How has it grown since then?

Airbnb is growing because our platform reflects the way people live, work and travel in the 21st century. Today, there have been more than 160 million guest arrivals on Airbnb and more than 3 million homes are listed on our site - from an artist loft in Paris, castles in Scotland and a houseboat in Knysna. In South Africa the number of homes being shared has almost doubled in the last year alone. And the number of guests staying on Airbnb when they visit South Africa has almost tripled. Also more and more South Africans chose to stay in an Airbnb when they travel - this number has grown by more than 150% in the last year.

What are Airbnb’s plans for South Africa and Africa?

We’re hugely excited about Airbnb in South Africa. In November, we announced that we would go beyond just renting homes with the introduction of the Trips platform. Cape Town was one of the only 12 cities around the world where we launched, a clear declaration of our commitment to South Africa.

I also think that the political and business environment in South Africa is supportive of new approaches that increase tourism and give opportunities where none existed before. South Africa can be a world leader in sharing economy solutions. I think that politicians and businesses really want to support that vision, so it’s up to all of us to work together to make it a reality.

Why is the sharing economy a good fit for South Africa?

South Africa is an incredibly hospitable place to visit. I love coming here, it always feels young, interesting and diverse. Above all, it feels welcoming. The other day I was leaving my home for the week to go for a dinner and a neighbour going past introduced herself and welcomed me to the neighbourhood. She treated me like a neighbour, introduced me to her favourite place for breakfast - on Kloof Street - and it’s now my absolute favourite!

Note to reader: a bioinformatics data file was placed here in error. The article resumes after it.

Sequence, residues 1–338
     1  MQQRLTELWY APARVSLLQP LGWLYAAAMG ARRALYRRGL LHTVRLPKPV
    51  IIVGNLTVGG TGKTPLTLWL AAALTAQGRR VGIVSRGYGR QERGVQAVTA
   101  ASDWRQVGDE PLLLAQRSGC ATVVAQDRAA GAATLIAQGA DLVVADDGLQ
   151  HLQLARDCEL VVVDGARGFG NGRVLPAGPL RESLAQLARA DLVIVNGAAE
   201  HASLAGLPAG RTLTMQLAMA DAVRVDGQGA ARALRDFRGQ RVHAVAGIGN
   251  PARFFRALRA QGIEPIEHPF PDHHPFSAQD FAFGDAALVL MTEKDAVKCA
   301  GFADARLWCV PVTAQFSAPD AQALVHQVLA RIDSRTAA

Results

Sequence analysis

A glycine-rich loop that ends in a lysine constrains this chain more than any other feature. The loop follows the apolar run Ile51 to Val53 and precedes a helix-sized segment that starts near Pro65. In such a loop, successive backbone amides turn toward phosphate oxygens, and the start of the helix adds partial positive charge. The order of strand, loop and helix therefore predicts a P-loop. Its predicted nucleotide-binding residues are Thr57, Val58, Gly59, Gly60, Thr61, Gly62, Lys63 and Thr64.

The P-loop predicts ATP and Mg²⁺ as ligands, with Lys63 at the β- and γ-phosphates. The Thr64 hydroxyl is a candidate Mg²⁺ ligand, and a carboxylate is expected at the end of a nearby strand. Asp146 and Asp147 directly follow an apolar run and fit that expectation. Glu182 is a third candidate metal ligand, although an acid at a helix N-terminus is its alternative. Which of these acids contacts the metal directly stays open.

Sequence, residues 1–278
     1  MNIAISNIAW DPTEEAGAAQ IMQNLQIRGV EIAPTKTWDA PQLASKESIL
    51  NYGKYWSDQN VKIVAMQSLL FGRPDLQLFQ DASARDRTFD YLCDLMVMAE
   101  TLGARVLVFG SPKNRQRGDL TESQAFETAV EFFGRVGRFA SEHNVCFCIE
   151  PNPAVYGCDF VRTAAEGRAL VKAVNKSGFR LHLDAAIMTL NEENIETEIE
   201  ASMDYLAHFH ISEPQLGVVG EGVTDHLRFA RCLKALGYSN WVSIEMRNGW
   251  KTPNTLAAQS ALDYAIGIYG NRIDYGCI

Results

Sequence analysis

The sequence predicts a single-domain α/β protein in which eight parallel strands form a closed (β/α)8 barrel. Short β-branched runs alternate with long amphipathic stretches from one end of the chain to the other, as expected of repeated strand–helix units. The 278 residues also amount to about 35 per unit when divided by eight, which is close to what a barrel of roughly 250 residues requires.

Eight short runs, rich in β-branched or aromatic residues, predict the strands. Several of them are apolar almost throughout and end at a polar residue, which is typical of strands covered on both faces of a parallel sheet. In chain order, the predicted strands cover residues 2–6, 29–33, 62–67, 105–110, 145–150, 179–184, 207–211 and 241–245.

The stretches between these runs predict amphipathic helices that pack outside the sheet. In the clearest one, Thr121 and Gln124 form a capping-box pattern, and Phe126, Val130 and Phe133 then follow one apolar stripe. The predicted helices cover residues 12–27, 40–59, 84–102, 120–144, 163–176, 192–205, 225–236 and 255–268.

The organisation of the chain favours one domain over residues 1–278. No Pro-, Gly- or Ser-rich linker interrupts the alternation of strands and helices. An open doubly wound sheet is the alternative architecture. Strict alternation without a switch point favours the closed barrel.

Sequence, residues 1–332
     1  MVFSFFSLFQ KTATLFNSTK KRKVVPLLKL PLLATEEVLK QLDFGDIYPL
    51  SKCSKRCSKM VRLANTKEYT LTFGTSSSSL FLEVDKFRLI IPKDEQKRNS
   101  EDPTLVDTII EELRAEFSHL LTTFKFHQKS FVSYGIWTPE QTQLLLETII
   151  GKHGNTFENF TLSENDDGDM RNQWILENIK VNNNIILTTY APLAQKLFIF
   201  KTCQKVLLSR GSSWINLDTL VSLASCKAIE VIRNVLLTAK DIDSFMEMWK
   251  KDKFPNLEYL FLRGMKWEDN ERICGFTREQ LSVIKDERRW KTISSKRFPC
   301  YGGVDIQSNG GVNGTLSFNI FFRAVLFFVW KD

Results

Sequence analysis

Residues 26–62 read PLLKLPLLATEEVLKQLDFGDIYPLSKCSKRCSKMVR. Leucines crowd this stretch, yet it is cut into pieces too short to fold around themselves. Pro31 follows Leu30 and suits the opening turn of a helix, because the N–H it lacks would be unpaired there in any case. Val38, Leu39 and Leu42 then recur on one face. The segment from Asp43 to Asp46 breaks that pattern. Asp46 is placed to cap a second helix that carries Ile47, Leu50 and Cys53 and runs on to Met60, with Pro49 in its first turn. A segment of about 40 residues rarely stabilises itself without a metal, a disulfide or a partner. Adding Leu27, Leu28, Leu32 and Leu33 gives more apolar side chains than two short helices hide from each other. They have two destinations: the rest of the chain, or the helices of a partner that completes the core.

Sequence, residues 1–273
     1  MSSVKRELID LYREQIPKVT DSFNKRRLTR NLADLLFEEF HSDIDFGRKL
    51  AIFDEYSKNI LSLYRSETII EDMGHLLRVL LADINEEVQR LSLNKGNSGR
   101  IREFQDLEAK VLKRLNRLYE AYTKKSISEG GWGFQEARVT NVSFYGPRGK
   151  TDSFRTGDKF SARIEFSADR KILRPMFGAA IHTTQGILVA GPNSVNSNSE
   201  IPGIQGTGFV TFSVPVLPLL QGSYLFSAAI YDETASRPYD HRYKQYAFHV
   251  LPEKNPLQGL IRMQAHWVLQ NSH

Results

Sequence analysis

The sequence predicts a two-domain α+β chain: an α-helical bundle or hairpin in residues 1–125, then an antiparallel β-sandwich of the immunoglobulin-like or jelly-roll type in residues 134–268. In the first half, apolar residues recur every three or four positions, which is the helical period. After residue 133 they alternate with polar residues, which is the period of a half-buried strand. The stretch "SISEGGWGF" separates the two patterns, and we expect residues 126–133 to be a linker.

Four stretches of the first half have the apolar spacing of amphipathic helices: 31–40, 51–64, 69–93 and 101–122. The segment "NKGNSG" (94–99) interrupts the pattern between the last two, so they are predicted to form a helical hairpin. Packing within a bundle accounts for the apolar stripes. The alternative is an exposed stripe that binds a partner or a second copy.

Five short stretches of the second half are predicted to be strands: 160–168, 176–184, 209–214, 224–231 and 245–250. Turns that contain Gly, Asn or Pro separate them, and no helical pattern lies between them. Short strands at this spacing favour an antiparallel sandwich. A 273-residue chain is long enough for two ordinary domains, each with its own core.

No money can buy a local’s genuine enthusiasm for their city and their welcoming attitude towards visitors. South Africans are true ambassadors to their country.

Also, the organisations that I have met here - the start-up incubators, the politicians, the business representatives - they all seem to feel that there are opportunities here that should not be wasted. Take Buntu and Ayanda, for example, two of our experienced hosts. They are young entrepreneurs who run a company called The Sporting Code that encourages young kids in townships to play sport - giving them a focus and passion. It’s a good thing for everyone and authorities are asking the right questions on how to support it. How can we find a way to help provide economic opportunities for regular people, ensure cities grow sustainably and help make efficient use of space?

In other words, how can the sharing economy inspire and boost an economic revolution for the country? The strong will to have this conversation is exactly why the sharing economy is an ideal fit for South Africa.